Longman Dictionary of Contemporary English homepage

Sense: 1,3
Date: 1500-1600
Origin: Probably from chin 'crack' (11-16 centuries), from Old English cine
Sense: 2
Date: 1500-1600
Origin: From the sound

chink

1 noun
     
chink1
1 [countable] a small hole in a wall, or between two things that join together, that lets light or air through [= crack]
chink in
The sun came through a chink in the curtains.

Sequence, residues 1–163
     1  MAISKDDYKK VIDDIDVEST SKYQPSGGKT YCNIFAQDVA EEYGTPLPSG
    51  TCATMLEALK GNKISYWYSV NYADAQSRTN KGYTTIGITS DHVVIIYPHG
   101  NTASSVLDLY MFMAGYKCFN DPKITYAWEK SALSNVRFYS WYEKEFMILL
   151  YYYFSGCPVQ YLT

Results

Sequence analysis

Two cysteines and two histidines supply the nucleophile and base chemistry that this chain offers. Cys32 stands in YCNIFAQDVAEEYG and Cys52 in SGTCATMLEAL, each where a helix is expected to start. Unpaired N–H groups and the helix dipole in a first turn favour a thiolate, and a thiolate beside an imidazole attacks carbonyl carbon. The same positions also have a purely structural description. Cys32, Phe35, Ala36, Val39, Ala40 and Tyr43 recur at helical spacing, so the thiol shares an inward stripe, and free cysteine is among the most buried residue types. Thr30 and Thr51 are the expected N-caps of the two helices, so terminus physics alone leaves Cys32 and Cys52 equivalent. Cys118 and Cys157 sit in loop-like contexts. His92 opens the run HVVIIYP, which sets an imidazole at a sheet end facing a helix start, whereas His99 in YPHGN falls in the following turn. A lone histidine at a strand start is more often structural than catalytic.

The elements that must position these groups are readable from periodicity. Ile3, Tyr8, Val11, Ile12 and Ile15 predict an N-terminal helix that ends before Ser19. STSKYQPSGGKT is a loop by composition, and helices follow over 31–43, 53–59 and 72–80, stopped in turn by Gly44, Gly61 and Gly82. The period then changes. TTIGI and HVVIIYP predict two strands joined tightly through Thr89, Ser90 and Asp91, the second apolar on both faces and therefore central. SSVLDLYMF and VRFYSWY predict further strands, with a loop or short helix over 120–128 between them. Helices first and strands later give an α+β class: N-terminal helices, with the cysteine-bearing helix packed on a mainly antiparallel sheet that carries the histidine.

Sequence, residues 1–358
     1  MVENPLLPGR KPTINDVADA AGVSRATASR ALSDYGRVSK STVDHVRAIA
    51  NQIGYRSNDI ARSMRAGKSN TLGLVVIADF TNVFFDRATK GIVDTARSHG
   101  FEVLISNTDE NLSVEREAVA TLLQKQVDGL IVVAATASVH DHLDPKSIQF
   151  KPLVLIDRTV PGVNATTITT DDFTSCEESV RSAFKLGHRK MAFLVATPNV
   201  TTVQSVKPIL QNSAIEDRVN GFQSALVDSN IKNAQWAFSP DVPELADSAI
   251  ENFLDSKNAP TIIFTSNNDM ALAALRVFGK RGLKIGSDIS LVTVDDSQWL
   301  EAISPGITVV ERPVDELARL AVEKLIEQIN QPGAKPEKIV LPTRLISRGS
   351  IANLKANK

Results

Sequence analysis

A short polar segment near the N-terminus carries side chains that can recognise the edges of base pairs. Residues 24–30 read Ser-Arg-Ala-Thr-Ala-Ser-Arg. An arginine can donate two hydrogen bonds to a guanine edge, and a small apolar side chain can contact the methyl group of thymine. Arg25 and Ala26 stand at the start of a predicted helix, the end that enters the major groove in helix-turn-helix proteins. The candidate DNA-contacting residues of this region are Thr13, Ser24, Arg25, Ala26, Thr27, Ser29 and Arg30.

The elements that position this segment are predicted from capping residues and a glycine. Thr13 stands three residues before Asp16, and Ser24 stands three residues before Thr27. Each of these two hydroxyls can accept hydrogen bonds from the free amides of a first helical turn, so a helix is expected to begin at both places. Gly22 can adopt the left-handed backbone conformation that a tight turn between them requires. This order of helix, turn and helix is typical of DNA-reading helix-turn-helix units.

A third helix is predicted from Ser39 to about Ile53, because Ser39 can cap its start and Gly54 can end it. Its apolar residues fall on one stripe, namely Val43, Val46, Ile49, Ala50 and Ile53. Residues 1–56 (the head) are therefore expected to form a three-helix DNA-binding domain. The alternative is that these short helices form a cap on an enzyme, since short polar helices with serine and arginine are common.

2 [countable] British English a high ringing sound made by metal or glass objects hitting each other [= clink]:
the chink of coins
3

a chink in somebody's armour

a weakness in someone's character or in something they have said, that you can use to attack them

Dictionary pictures of the day
Do you know what each of these is called?
What is the word for picture 1? What is the word for picture 2? What is the word for picture 3? What is the word for picture 4?
Click on any of the pictures above to find out what it is called.

Explore our topic dictionary